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Our View: Provisions of gambling law make no sense.

THE STATE was perfectly within its rights to tax the revenue of betting companies, even if its decision to take 10 per cent of the net betting revenue (after winnings are subtracted) does not seem the most rational principle. It would have been more reasonable to put a 10 per cent tax on every bet submitted, instead of taxing the revenue of the companies, which is a rather unorthodox practice.

State revenue might increase but it will at the same time reduce the corporate tax that would be paid by betting companies as their profits would be significantly reduced. If every bet was taxed, the punters would be paying the 10 per cent tax and the profits of the companies would remain unaffected, in which case the state would earn significantly more. And a betting person would still place a bet even if he had to pay a 10 per cent tax on his stake. But it seems our deputies wanted betting to remain affordable to the poorest members of society.

What seems ridiculous is the provision to take an additional three per cent from the companies' net revenue and give it to the Cyprus Sports Federation (KOA) which would then give half the money to the Cyprus Football Federation (KOP), a third to programmes against gambling addiction and the remainder to other sports federations. Leaving aside the questionable practice of taxing companies on behalf of the Cyprus Sports Federation, why have deputies legislated for a subsidy of profligate football clubs?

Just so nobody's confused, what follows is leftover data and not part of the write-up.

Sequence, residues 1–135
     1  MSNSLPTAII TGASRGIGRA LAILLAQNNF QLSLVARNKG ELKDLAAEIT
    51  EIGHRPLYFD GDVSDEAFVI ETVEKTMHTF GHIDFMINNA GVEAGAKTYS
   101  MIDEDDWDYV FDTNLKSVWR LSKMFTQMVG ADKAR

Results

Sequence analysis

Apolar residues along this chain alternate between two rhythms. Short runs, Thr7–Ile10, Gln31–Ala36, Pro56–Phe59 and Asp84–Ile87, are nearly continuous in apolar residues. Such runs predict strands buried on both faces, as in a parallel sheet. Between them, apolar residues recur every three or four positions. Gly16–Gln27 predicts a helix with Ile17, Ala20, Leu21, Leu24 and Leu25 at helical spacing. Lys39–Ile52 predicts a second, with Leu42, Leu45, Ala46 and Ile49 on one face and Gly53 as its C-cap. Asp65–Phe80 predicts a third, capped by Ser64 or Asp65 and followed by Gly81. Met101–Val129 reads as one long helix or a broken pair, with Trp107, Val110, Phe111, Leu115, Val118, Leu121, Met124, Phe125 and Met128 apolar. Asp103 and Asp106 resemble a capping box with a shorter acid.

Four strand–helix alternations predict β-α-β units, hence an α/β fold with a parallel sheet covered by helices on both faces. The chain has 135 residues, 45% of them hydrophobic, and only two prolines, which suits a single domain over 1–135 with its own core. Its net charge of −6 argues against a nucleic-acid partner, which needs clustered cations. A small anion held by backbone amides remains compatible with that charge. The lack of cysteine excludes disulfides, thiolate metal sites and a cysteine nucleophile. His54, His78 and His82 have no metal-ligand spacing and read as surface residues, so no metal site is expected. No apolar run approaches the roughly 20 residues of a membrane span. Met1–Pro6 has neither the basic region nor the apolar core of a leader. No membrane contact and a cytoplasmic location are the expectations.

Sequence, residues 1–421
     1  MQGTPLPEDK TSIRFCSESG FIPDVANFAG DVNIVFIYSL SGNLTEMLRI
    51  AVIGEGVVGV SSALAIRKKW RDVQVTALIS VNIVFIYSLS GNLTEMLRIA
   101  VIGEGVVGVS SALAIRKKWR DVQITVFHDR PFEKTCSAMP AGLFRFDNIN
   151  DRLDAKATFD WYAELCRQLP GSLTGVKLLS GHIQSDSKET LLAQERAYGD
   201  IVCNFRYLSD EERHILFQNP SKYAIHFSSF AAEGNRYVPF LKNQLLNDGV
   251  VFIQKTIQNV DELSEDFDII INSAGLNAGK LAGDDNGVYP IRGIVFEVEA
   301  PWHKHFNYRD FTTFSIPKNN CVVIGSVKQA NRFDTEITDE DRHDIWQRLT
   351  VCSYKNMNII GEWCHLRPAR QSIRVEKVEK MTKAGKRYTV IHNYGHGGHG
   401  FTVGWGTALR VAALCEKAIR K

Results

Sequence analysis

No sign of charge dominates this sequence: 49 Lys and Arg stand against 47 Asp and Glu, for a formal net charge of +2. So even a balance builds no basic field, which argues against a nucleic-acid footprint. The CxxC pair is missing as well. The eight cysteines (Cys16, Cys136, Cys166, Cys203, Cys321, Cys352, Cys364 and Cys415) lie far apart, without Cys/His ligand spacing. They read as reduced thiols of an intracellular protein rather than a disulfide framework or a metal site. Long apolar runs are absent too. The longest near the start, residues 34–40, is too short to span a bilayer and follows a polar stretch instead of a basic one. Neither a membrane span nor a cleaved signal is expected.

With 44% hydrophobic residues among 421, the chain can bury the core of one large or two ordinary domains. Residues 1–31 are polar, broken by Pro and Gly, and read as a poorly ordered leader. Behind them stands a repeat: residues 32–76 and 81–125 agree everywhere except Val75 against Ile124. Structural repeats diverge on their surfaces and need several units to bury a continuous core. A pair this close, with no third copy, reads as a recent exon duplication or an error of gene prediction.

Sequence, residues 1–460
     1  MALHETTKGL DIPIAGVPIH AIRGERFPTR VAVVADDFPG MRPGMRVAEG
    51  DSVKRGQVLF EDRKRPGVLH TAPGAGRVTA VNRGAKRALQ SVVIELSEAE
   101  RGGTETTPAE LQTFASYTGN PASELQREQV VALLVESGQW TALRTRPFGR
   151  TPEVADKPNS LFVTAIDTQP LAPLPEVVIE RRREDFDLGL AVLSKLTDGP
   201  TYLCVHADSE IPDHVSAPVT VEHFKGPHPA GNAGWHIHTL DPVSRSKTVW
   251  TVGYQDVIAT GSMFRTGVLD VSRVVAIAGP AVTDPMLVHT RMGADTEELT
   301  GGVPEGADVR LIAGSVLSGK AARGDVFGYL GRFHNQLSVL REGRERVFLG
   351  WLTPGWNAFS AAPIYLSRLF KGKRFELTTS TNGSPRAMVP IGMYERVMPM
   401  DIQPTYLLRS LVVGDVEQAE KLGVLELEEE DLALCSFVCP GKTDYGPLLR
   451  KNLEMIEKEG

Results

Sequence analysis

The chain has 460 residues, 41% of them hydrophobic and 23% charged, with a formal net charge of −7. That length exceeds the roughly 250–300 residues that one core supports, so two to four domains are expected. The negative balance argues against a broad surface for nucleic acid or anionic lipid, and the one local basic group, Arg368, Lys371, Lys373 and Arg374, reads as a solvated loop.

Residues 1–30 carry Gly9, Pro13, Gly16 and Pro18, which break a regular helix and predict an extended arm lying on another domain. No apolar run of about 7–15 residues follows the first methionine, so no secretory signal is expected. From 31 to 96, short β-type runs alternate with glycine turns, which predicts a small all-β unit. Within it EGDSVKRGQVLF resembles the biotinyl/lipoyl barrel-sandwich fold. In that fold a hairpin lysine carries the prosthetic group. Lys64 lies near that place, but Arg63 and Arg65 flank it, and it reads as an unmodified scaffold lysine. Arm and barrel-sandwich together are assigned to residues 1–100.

Cyprus' football clubs are already heavily supported by the taxpayer, KOA giving millions every year. Should the state encourage more profligacy by the clubs by giving them even more money? Surely football clubs, the majority of which are insolvent, should be encouraged to cut costs instead of being rewarded for living beyond their means with even more money.

At the weekend the AGM of Omonia, Cyprus' best-supported club, was told that the club had a deficit of e1/426 million and no liquidity. In reality the club is bankrupt, but the taxpayer will give it even more money that it is incapable of using prudently. Most clubs are in a similar predicament, but they keep signing foreign players on big wages they cannot afford to pay. The state and KOP should be taking steps ending this lunacy and forcing clubs to live within their means instead of giving them even more cash.

Deputies are not helping the clubs with the 3 per cent tax on betting companies. On the contrary, they are encouraging their profligacy, at the taxpayer's expense.

Copyright Cyprus Mail 2012

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Publication:Cyprus Mail (Cyprus)
Date:Jul 6, 2012
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